In 2011, the Institute of Medicine acknowledged that while the LGBT people have distinct health experiences and needs, much is not known about what these experiences and needs are. The U.S. Centers for Disease Control and Prevention (CDC) has also only started to account sexual orientation in the annual National Health Interview Survey two years ago.

Now, a group of researchers has launched what may prove to be the biggest national study of bisexual, gay and transgender people and it is using a device that many Americans use: the iPhone.

Dubbed PRIDE (Population Research in Identity and Disparities for Equality), the study will utilize an iPhone app to gain more insights on the special health needs of the members of the LGBTQ population.

Earlier small scale studies already hint that the members of the LGBTQ community have higher risks for depression, anxiety and suicide. Certain behaviors such as smoking are also prevalent in this group but little is known about the occurrence of these behaviors in the population as a whole and the interventions that could decreases the risks of LGBTQ people.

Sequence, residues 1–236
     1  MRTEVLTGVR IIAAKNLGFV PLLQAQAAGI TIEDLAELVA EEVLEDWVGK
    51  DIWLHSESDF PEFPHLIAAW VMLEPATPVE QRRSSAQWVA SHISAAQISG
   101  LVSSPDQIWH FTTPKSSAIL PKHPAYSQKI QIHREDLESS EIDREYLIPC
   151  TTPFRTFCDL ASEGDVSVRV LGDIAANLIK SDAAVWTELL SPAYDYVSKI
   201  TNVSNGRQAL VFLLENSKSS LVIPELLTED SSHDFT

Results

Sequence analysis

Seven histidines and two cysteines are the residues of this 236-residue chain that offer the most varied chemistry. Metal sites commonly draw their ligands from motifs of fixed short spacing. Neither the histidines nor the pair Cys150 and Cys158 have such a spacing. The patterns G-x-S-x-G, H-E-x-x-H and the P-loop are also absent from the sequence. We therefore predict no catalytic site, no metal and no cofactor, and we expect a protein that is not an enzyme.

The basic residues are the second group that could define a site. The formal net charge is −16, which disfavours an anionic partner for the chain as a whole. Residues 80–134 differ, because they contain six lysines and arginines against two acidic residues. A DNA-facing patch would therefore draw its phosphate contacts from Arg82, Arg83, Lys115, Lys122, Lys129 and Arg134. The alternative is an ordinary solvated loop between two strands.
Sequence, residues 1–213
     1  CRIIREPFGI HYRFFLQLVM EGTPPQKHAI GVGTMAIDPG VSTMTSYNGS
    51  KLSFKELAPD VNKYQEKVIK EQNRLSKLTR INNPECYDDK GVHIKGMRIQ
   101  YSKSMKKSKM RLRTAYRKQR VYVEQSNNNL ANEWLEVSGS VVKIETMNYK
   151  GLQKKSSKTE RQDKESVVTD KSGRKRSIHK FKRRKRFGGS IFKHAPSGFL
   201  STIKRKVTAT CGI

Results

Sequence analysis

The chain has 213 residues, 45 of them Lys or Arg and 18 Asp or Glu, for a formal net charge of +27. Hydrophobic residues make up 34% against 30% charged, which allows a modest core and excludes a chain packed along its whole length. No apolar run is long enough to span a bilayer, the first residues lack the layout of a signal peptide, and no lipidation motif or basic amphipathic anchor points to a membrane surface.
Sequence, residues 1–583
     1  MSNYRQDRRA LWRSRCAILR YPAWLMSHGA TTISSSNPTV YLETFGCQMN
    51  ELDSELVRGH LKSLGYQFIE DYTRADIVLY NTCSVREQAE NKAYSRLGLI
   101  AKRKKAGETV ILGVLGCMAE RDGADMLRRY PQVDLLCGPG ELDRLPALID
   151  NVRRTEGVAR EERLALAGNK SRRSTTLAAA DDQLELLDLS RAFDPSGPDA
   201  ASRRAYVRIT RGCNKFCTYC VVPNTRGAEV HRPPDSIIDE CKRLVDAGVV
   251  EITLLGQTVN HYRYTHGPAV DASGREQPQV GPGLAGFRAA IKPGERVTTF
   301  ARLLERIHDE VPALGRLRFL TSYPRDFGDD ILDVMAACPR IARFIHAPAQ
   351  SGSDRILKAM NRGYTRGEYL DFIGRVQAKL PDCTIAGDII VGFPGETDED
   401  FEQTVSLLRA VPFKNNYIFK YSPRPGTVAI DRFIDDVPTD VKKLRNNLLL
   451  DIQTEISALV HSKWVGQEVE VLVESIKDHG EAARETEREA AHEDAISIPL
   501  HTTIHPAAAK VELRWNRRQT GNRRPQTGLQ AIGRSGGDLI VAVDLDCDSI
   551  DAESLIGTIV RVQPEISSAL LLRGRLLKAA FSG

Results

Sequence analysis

The goal of the study is to assess the attitudes, odds and outcomes of the LGBTQ people for a range of health conditions and diseases such as cancer, HIV/AIDS, obesity and depression by involving tens of thousands of men and women that the scientists hope would participate. Six hundred participants have so far signed up for the study albeit the researchers want to reach thousands more.

Those who want to sign up can download the app to their iPhone and fill out the initial enrolment form with some demographic information.

"The LGBTQ community has been understudied and underserved in health care settings," said University of California San Francisco Center for Vulnerable Populations director Kirsten Bibbins-Domingo. "This timely study helps fill the gap in our understanding of health and disease risk in this population, and importantly involves and engages members of these communities in this health-related research in important and novel ways."

The study is composed of two parts and starts with a phase where researchers will collect and understand the demographic and census data to better understand the health questions and priorities of the LGBTQ community. Prioritized questions will then be indetified and answered in a longitudinal cohort study that the researchers anticipate to start in about six to nine months.

Photo: Ben Tavener | Flickr

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